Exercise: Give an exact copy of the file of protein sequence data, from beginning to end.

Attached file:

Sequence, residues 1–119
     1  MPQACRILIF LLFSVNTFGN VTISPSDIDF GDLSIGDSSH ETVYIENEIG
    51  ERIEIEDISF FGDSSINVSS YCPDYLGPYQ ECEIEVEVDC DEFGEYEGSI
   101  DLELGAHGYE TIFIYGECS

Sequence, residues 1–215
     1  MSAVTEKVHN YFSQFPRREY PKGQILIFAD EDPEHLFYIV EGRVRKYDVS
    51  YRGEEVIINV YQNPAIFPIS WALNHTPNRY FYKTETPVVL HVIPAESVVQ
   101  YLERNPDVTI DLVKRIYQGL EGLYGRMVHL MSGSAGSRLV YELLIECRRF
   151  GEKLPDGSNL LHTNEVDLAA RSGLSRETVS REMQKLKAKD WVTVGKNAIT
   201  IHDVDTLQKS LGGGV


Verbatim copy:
Sequence, residues 1–119
     1  MPQACRILIF LLFSVNTFGN VTISPSDIDF GDLSIGDSSH ETVYIENEIG
    51  ERIEIEDISF FGDSSINVSS YCPDYLGPYQ ECEIEVEVDC DEFGEYEGSI
   101  DLELGAHGYE TIFIYGECS

Sequence, residues 1–215
     1  MSAVTEKVHN YFSQFPRREY PKGQILIFAD EDPEHLFYIV EGRVRKYDVS
    51  YRGEEVIINV YQNPAIFPIS WALNHTPNRY FYKTETPVVL HVIPAESVVQ
   101  YLERNPDVTI DLVKRIYQGL EGLYGRMVHL MSGSAGSRLV YELLIECRRF
   151  GEKLPDGSNL LHTNEVDLAA RSGLSRETVS REMQKLKAKD WVTVGKNAIT
   201  IHDVDTLQKS LGGGV